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Joined 4 months, 2 weeks ago

I arrange things together into art, including paint, wood, plastic, raspberry pi, people, words, dialogues, arduino, sensors, web tech, light and code.

I use things other people have written to help guide these projects, so I read as often as I can. Most of what I read is literature (fiction) or nonfiction on philosophy, art theory, ethics and technology.

Fionnáin's books

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The social behaviour of monkeys (Paperback, 1972, Penguin) 4 stars

The Unbiased behaviour a zoologist

4 stars

I discovered Thelma Rowell through her more recent work, where she has taken her field studies with primates and applied their methods to domesticated livestock. So it was a surprise and a treat to discover a copy of this book, which I believe was the only one she ever published. It was even more a pleasure to discover that, even fifty years ago, Rowell had a keen sense of critique about the way humans observe our world.

The Social Behaviour of Monkeys was part of a series published by Penguin in the early 1970s. The book's title is self-explanatory; it explores in great depth the many research studies about social groups and behaviours in various primates, both in the wild and in captivity. A lot of the chapters are methodical references of different studies contemporary to the time of publication, and would not be to everyone's taste. What is striking …

The social behaviour of monkeys (Paperback, 1972, Penguin) 4 stars

In the last ten years a large number of field studies on undisturbed groups were reported, and an interesting dichotomy began to emerge, because such studies rarely used the 'fundamental' concept of hierarchy in explaining the social organization observed, or occasionally paid lip-service by stating that hierarchy was 'latent', that is, so well established that it was never seen expressed (an idea which is difficult to distinguish from the hierarchy simply not being there).

The social behaviour of monkeys by  (Page 160)

My emphasis. Words up to 'fundamental' are on p159.

I did a 3-month writing course with Emergence Magazine in 2020, online. In a Zoom breakout room, I read a piece I had written about the Earth observed from the point of view of a cosmic ray passing through in a microsecond. The others in the room all recommended this book. I finally got around to it.

Pilgrim at Tinker Creek (2000, McGraw-Hill College) 5 stars

A perfect landscape painted in words

5 stars

Annie Dillard is a writer who takes joy in writing, in learning, and piecing it all together. In her most well-known book, Pilgrim at Tinker Creek, she perfects the art. The book is like Thoreau's Walden revised for a 20th Century audience (in fact, Dillard references the American philosopher several times) but with a more playful voice. Dillard explores the world around Tinker Creek, where she lives for the duration of the book, and interacts with the place, from watching a praying mantis egg sac hatch to standing in a field so full of grasshoppers the entire thing is moving, to a neighbour boy carrying a snapping turtle with leeches on it, to lying under the stars and considering their vastness.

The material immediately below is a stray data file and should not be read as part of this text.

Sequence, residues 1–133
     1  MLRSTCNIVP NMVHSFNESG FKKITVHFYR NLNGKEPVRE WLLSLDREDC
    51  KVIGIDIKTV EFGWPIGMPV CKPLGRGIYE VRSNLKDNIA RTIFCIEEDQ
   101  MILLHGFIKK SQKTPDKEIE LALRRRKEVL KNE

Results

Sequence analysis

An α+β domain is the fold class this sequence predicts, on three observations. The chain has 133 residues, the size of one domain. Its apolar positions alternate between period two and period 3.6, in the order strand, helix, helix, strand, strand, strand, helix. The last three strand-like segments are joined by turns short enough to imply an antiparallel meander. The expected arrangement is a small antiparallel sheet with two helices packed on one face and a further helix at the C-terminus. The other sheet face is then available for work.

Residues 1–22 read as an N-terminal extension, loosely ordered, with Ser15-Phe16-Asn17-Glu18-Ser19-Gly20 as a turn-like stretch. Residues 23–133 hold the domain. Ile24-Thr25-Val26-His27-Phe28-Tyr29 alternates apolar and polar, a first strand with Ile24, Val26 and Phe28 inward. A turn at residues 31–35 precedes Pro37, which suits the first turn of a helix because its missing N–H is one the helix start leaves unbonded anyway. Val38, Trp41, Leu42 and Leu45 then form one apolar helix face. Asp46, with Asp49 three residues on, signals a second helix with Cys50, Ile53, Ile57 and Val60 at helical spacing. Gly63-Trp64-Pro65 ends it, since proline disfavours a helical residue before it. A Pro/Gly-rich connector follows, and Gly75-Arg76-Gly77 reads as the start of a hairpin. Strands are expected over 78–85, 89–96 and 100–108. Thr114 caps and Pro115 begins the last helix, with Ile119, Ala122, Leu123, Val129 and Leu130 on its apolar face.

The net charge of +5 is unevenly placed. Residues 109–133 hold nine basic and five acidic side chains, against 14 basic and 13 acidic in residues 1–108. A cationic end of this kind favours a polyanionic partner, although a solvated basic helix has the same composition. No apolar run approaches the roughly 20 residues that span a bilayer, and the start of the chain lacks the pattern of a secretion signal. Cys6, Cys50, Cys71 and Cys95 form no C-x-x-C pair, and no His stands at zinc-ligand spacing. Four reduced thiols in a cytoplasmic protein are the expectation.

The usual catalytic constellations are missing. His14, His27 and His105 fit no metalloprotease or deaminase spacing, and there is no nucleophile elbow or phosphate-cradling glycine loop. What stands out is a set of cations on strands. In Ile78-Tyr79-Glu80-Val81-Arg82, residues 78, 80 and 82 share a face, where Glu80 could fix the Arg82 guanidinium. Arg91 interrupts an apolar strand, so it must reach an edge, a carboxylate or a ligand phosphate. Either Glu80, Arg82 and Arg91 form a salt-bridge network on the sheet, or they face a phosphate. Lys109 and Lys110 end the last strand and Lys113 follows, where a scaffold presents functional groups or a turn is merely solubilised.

Within all this, Dillard maintains a wit and a clever storytelling that is endlessly enjoyable. Every sentence drips with her own sharp prose. She is an avid reader, …

Matters of Care (2017, University of Minnesota Press) 5 stars

...worms and other beings do take care of our waste even if they don’t commit intentionally to it. That relations are not reciprocally symmetrical doesn’t make them less vibrant with ethicality. What makes someone feel ethically obliged to worms can only be found in the grounded transformation of everyday practices that ravel asymmetrical modes of mutual obligation.

Matters of Care by  (Page 156)

Wormy networks of care.

Matters of Care (2017, University of Minnesota Press) 5 stars

A Framework for Care

5 stars

Care is a broad subject, and not easy to pin down to one idea. María Puig de la Bellacasa approaches it from a study of ethics and philosophy. The first section sets out the possibilities for care across different types of human and more-than-human actors, including inorganic technologies. It is dense reading, and not easy to recommend for that reason, but it is also carefully written, with each word chosen for its accuracy and no term used lightly.

The second half of the book presents a possible real-world praxis for the theoretical framework in the first. Puig de la Bellacasa uses her own experiences learning from a permaculture retreat to begin an argument about how care of soil is a critical and central example of a system that requires care. Drawing from science, philosophy, experience and culture, she uses soil to show how complex webs of interconnected actors need to …